Relocating for Expats & Family | The Importance of Dependants

Posted in Blog, Education, Immigration, International relocation, Law, Relocating as a family | Expats & Family, the Netherlands, The Netherlands work visa, Visa, Work permits

In order to for a company to be attractive to the international talent pool, it is essential that prospective candidates expect all their needs to be met in their new place of residence. For most of us, sitting firmly at the top of our list of needs would be the company of our significant other, what would be referred to as a dependant in immigration and tax law. When countries tighten up their immigration rules for accompanying partners, as we have seen with Britain and the US in recent years, it can only adversely affect their ability to attract key talent. Whether or not this can have a net negative effect on a country as a whole remains to be seen, although it’s extremely unlikely to be positive.

Immigration law does not always catch up as quickly as it should.

Same-Sex Dependants and Immigration Law

One demographic that suffers disproportionally in regard to immigrating with partners, are those in same-sex relationships or indeed same-sex marriages. While we have seen continued societal progress internationally in terms of recognition and legislation, immigration law does not always catch up as quickly as it should.

A study of 132 countries performed by immigration law firm Fragomen, revealed that only a third of the countries allow same-sex spouses to qualify as dependants on immigration applications, while just 30% allow same-sex partners this qualification. While this may seem like a low figure, the trajectory is a positive one. Fragomen also found that eight countries have relaxed their laws or practices regarding same-sex relationships and immigration since 2017. This improvement ranges from simply allowing same-sex partners to qualify, as was the case with Croatia; to allowing both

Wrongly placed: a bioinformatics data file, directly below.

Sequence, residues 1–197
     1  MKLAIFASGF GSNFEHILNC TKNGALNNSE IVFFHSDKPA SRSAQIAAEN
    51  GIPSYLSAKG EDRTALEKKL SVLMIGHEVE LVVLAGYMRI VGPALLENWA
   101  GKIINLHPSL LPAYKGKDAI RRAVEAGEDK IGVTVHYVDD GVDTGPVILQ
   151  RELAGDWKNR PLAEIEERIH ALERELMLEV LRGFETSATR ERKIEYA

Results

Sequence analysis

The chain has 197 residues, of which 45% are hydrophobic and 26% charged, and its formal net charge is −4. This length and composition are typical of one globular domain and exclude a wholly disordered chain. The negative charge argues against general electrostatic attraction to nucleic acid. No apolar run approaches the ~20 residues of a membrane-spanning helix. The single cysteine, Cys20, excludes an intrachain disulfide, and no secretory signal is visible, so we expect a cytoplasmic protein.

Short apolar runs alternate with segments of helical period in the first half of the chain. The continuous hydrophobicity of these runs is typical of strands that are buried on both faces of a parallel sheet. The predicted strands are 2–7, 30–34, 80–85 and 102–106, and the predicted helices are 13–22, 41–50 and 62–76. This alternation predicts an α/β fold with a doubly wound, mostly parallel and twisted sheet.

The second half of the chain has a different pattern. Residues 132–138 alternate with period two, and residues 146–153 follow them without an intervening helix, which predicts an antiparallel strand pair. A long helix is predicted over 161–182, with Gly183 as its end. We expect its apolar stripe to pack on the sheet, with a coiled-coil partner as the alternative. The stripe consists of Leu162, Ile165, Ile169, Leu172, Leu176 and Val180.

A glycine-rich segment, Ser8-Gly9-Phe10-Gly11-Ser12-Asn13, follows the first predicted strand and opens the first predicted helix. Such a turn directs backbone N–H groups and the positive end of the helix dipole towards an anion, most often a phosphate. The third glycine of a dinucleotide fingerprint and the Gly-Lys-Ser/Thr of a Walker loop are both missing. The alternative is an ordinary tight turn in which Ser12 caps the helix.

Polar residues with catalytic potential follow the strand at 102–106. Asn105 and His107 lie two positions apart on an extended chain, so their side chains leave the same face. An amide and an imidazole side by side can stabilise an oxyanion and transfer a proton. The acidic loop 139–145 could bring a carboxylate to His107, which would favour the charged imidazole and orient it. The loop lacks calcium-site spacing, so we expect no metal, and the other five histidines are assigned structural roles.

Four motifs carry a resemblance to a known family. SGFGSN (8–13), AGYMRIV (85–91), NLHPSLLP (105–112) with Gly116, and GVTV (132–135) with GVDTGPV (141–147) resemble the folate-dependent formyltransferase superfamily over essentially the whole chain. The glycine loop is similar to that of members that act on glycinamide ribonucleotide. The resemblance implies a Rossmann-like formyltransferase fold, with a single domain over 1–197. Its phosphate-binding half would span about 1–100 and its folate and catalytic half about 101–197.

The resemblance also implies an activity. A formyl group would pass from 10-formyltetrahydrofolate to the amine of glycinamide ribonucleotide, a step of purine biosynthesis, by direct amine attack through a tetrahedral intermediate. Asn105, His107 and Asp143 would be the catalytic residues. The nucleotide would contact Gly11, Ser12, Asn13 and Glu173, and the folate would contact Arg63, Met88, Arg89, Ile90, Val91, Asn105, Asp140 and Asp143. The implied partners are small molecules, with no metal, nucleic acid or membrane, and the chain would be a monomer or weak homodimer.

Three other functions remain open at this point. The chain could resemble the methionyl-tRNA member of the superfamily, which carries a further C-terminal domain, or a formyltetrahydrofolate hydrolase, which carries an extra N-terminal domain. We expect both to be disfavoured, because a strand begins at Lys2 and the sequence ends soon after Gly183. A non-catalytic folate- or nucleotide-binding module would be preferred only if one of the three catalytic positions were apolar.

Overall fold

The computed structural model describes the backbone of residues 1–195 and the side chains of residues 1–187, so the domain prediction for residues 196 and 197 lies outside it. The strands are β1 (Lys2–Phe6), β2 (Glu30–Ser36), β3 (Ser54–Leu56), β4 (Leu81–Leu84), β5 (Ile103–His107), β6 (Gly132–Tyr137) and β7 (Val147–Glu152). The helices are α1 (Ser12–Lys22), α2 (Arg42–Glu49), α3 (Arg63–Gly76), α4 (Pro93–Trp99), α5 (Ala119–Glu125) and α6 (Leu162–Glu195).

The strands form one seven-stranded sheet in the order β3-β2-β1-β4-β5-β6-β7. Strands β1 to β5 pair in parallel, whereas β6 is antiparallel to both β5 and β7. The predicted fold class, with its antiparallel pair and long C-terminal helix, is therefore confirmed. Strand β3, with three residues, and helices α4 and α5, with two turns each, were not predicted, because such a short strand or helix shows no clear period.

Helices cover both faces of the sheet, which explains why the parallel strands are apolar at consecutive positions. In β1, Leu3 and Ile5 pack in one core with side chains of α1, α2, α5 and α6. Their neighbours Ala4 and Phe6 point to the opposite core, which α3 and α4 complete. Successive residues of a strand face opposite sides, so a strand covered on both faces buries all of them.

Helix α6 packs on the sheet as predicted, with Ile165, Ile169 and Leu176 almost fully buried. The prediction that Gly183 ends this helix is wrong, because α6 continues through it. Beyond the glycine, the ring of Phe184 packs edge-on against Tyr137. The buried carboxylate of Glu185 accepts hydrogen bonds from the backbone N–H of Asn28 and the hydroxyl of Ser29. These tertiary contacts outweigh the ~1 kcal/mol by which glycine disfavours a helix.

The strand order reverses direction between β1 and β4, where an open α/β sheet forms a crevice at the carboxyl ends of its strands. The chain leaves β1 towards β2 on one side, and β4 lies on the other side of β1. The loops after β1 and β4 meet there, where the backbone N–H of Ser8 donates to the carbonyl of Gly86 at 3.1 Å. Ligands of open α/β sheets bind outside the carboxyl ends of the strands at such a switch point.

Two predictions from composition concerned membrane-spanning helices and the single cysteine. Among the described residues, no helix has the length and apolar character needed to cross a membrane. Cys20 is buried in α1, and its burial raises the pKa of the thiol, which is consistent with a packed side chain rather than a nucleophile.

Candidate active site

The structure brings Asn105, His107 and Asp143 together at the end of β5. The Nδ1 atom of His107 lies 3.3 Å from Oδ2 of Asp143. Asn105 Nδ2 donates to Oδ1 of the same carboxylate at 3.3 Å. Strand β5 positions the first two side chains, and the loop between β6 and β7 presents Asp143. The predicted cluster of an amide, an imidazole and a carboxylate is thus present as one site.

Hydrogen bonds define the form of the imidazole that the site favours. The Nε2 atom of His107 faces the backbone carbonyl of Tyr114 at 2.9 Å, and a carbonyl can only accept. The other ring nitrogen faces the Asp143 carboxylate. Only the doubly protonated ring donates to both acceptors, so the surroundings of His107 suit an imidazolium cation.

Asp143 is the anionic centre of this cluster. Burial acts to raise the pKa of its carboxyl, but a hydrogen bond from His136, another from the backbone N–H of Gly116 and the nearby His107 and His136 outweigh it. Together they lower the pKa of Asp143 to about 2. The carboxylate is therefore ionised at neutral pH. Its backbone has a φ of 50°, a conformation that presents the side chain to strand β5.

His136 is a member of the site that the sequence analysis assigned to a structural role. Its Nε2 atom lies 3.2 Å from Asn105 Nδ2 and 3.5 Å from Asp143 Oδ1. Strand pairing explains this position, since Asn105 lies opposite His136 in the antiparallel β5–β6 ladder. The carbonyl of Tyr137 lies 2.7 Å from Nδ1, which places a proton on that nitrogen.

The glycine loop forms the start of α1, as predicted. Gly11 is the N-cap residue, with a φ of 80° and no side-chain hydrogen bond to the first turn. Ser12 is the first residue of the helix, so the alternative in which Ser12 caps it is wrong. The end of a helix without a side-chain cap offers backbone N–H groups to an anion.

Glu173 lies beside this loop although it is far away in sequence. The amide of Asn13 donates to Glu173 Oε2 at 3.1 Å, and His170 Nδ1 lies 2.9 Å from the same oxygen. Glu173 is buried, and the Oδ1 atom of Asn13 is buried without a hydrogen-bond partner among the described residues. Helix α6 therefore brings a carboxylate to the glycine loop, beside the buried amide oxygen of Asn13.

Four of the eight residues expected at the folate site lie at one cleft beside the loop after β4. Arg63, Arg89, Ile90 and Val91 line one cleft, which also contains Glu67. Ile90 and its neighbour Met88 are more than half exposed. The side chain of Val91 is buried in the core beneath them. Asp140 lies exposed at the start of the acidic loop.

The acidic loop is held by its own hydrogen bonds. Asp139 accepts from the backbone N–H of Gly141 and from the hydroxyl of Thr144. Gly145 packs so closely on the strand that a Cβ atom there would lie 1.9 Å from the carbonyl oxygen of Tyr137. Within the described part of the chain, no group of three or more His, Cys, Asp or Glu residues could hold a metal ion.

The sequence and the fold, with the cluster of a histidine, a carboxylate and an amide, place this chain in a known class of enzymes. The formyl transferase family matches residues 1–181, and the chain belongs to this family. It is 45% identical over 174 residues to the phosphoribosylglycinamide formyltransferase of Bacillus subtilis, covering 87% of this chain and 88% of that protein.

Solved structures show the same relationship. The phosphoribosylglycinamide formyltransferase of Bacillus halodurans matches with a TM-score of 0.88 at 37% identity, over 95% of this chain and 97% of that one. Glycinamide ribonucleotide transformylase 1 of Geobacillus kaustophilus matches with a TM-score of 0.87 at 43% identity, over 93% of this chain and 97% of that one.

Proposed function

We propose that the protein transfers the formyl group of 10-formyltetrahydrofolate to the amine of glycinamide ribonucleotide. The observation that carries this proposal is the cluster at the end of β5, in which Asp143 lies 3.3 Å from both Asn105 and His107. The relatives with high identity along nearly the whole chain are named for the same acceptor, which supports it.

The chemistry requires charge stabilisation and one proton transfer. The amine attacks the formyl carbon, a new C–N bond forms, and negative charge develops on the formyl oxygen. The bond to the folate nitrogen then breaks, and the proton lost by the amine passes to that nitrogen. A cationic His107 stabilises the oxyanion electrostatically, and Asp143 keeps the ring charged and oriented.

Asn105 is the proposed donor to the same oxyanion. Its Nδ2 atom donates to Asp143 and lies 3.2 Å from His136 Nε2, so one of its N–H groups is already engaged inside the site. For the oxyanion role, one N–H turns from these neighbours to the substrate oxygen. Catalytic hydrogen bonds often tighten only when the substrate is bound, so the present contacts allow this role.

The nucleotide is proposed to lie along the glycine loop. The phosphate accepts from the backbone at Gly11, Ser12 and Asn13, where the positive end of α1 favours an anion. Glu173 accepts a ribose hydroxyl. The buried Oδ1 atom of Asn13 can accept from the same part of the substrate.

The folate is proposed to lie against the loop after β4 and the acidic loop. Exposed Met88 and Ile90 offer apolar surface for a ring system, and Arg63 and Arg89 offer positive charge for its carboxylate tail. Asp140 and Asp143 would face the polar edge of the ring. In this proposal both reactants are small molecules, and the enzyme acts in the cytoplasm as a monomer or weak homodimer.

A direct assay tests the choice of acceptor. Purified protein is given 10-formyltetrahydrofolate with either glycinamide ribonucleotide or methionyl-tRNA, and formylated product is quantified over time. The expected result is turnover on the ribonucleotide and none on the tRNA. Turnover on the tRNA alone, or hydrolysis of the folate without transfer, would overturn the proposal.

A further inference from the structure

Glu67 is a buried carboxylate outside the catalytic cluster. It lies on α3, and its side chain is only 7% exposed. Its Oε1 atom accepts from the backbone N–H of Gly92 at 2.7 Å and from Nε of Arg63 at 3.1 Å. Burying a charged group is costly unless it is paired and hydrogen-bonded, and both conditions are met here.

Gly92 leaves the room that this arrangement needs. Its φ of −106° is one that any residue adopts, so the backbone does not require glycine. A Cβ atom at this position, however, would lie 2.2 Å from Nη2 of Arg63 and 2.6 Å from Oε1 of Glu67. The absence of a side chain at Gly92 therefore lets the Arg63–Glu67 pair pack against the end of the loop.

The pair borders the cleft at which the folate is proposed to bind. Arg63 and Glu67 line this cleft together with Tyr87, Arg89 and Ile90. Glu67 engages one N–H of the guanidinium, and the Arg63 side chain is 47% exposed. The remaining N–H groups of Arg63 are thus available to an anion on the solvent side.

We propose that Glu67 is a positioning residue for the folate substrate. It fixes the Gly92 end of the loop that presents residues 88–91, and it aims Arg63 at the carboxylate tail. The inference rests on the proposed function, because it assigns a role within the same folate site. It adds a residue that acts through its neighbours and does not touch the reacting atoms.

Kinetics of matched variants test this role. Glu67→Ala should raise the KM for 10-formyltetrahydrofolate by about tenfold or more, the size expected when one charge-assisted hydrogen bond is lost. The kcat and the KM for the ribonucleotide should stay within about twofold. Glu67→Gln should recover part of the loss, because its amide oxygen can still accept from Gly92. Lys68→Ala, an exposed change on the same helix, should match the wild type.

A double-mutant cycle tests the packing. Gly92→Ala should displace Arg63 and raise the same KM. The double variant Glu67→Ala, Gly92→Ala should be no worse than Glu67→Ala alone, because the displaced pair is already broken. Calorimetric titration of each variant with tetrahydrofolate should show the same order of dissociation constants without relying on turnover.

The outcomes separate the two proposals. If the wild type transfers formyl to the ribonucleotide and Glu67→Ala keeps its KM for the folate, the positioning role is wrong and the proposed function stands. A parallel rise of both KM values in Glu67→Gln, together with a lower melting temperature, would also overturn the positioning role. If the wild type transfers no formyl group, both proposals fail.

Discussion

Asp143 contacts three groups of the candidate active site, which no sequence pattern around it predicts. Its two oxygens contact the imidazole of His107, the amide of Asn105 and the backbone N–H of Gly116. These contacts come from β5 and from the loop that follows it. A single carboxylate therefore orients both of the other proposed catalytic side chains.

spouses and partners to be eligible; as was the case with Costa Rica, Hong Kong, Israel and Lithuania.

It is worth noting that in some European countries same-sex couples need to provide evidence of the duration of their relationship in order to qualify, although this has been a bureaucratic constraint for opposite-sex couples seeking dependant visas in many countries so it is not unreasonable to transfer the requirement.

The Future of Dependant Immigration

There is no doubt that political and a widespread increase in nationalism makes things uncertain when it comes to immigration law internationally. We are seeing borders becoming more restrictive in countries like the UK and the US where protectionist sentiment is high for reasons too varied for
this article to go into. On the other hand we are seeing progressive nations like Canada broaden the scope of their immigration policies by recently opening up the possibility of providing visas for the parents and grandparents of those with citizenship. And why not?, the findings of Fragomen clearly suggest that restrictive dependant work visas may result in a country becoming less competitive, thus the opposite is also likely true; meaning those countries demonstrating an openness to the families of valued employees may be rising on the wish list of talented graduates the world over.

The future is indeed uncertain for this legislation, and navigating it for both the company and the individual can be a complex and arduous process. Luckily, there are many well positioned organisations who can navigate it for you, such as the Executive Mobility Group. EMG and organisations like it mean that companies don’t need to have an international understanding of multi-jurisdictional immigration legislation, because they have it for you.